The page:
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Category: Reviews

Film Review: Sicilian Ghost Story

Reviewed by Zoe Margolis

Based on the true story of Giuseppe Di Matteo, the teenage boy who was kidnapped by the Sicilian Mafia in the 1990s, and held captive for two years to prevent his father, another Mafia figure, from testifying against them in court, Sicilian Ghost Story wraps this real-life event into a fictional fantasy involving a teenage girl who is intent on finding the missing boy.

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The Big Bad Fox and Other Tales

Reviewed by Lee Hill

It has become a critical truism in recent years to suggest that the most successful animated films appeal both to adults as well as children. Hasn’t this always been the case? Since Mickey Mouse appeared in Walt Disney’s debut short, Steamboat Willie (1928), Max Fleishman’s Popeye (from the comic strip created by EC Segar) and George Herriman’s Krazy Kat, cartoons have often had a cross-generational appeal tapping into our common need to laugh, indulge flights of fancy and escape into narratives that have the flow of dreams.

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Film Review: Heathers Reissue

Reviewed by Lee Hill

First released in the autumn of 1988, Heathers was the little teen suicide film that could. Produced by New World Pictures, a company founded by Roger Corman to nurture everything from Bergman’s Cries and Whispers to Slumber Party Massacre, Heathers was shot over 33 days for $3 million, and it made Winona Ryder and Christian Slater stars for much of the 90s. Focusing on a clique of beautiful high school girls, all with the same name, the “Heathers” use their good looks, popularity and penchant for sadistic pranks to terrorize their classmates.

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Film Review: Apostasy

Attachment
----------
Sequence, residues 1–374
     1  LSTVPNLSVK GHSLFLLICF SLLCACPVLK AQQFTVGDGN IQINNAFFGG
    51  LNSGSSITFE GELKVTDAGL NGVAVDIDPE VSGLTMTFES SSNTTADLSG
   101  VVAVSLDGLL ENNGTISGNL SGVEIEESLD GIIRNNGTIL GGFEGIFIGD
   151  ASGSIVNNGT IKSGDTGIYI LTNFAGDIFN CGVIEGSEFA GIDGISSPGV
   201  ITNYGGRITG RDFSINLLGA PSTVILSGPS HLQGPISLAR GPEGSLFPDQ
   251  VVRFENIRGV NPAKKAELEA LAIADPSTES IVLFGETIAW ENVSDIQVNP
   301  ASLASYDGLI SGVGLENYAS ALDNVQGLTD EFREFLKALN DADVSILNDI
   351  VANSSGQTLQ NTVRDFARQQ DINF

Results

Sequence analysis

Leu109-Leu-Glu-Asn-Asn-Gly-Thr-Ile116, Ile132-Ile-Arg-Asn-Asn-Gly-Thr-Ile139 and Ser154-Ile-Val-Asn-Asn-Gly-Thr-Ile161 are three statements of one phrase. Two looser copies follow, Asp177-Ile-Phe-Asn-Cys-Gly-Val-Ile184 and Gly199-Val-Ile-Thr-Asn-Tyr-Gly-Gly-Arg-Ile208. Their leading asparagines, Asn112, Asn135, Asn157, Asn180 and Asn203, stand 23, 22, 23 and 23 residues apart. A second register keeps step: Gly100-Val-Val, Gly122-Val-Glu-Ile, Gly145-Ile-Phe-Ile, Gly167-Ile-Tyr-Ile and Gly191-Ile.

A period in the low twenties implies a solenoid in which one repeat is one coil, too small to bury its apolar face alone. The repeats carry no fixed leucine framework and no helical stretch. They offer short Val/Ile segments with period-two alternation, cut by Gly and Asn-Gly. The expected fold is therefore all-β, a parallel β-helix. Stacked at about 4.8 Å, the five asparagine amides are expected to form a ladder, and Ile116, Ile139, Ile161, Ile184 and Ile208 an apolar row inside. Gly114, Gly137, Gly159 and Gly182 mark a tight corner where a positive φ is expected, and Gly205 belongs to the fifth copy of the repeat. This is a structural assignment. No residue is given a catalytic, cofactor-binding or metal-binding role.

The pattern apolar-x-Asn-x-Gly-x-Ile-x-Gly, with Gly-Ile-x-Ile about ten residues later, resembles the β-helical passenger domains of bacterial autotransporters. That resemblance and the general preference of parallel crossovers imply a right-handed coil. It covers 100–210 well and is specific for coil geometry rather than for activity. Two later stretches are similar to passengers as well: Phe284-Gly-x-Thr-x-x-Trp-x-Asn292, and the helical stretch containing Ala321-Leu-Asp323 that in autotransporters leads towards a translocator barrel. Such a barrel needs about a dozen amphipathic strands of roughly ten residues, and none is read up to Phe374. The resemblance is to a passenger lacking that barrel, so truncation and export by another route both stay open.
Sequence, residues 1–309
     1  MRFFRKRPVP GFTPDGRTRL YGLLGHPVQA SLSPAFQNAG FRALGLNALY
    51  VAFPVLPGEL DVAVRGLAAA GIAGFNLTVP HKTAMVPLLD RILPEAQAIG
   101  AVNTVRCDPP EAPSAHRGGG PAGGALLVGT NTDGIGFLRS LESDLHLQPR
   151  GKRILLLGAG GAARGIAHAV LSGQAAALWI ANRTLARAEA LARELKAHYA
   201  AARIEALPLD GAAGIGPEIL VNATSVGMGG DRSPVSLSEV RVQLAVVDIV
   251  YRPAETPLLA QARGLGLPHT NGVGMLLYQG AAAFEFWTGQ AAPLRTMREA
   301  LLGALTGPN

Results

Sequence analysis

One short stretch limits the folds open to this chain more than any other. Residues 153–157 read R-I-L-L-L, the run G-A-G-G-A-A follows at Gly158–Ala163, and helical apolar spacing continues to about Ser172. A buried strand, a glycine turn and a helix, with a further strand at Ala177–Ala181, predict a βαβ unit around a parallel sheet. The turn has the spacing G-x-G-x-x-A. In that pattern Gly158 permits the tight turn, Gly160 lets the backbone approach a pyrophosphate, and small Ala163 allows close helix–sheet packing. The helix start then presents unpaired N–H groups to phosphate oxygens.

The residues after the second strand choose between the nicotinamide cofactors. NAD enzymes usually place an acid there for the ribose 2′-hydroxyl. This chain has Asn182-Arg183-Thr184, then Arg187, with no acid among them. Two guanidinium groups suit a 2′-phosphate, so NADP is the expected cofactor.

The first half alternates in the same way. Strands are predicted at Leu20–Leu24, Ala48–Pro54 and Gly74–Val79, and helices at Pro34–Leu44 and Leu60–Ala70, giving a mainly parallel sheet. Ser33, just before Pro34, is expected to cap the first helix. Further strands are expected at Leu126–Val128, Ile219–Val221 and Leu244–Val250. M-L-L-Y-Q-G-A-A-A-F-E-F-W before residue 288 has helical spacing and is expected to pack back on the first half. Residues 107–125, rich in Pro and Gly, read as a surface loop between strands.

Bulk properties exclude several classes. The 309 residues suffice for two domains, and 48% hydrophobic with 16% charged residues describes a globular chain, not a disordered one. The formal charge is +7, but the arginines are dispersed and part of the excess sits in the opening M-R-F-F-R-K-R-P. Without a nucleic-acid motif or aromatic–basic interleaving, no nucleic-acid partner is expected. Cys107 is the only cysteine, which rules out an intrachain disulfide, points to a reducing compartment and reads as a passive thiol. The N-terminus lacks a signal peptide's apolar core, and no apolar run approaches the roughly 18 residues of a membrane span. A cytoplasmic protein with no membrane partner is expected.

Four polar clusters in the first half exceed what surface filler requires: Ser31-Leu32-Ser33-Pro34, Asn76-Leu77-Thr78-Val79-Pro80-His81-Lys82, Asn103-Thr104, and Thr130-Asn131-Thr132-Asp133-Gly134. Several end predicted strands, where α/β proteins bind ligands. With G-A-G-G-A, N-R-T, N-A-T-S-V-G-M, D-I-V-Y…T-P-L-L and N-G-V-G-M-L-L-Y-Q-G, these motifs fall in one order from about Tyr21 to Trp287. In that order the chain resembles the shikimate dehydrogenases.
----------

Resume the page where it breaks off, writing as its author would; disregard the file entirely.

Reviewed by April McIntyre

Apostasy: “The abandonment or renunciation of a religious or political belief or principle” cites the dictionary, which gives audiences a hint at what to expect from director, Daniel Kokotajlo’s debut, an insight into the lives of Jehovah’s Witnesses. Kokotajo, a former Jehovah’s Witness himself for 10 years shines a light on a community about which many know very little.

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Mission: Impossible – Fallout Review

Reviewed by Freda Cooper (@FredaTalkingPix)

Ethan Hunt is back! It’s the sixth instalment of the Mission:Impossible franchise, but let’s put aside the logic that says there should only ever have been one film with that title. The same argument applied to the original TV series and it never bothered them, so why should Tom Cruise worry about it?

After all, this is not a series that demands too much of your thinking time. It’s all about the action, a formula that’s been paying off handsomely since 1996 and increasingly as the years have gone by. While previous offerings have been very much stand-alone affairs, it helps this time round to have seen Rogue Nation, if only to understand the interplay between Hunt (Cruise) and some of the returning characters. His long-running adversary Solomon Lane (Sean Harris) is back and this time Hunt and his trusty team of Benji (Simon Pegg) and Luther (Ving Rhames) have to make sure he’s never let loose on the world again. And there’s the small matter of some plutonium getting into the wrong hands.